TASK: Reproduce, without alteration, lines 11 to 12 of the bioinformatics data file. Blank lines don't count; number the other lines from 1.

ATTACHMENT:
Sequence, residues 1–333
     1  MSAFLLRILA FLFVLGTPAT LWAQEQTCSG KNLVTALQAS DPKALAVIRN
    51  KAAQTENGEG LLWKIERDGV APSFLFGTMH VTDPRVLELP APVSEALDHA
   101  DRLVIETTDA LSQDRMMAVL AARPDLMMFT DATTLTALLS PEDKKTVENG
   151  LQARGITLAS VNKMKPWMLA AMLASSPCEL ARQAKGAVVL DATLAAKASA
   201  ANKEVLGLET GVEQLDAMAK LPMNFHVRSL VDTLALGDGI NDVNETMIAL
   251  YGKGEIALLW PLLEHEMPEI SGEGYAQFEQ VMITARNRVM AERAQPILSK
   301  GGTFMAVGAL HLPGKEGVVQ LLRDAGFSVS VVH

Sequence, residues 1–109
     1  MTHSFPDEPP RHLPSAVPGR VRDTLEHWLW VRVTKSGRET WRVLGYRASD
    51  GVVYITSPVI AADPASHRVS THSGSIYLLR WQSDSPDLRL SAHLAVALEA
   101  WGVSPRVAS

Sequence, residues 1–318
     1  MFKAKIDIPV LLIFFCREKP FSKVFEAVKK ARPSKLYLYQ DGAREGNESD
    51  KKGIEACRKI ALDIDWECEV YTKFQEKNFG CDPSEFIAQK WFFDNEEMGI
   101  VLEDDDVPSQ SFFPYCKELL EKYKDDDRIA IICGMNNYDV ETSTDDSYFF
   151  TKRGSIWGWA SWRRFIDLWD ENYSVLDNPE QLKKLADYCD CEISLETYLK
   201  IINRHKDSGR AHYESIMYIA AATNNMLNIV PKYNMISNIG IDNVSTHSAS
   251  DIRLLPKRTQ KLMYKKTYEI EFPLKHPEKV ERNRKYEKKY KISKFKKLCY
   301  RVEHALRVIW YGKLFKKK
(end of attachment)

    51  GVVYITSPVI AADPASHRVS THSGSIYLLR WQSDSPDLRL SAHLAVALEA
   101  WGVSPRVAS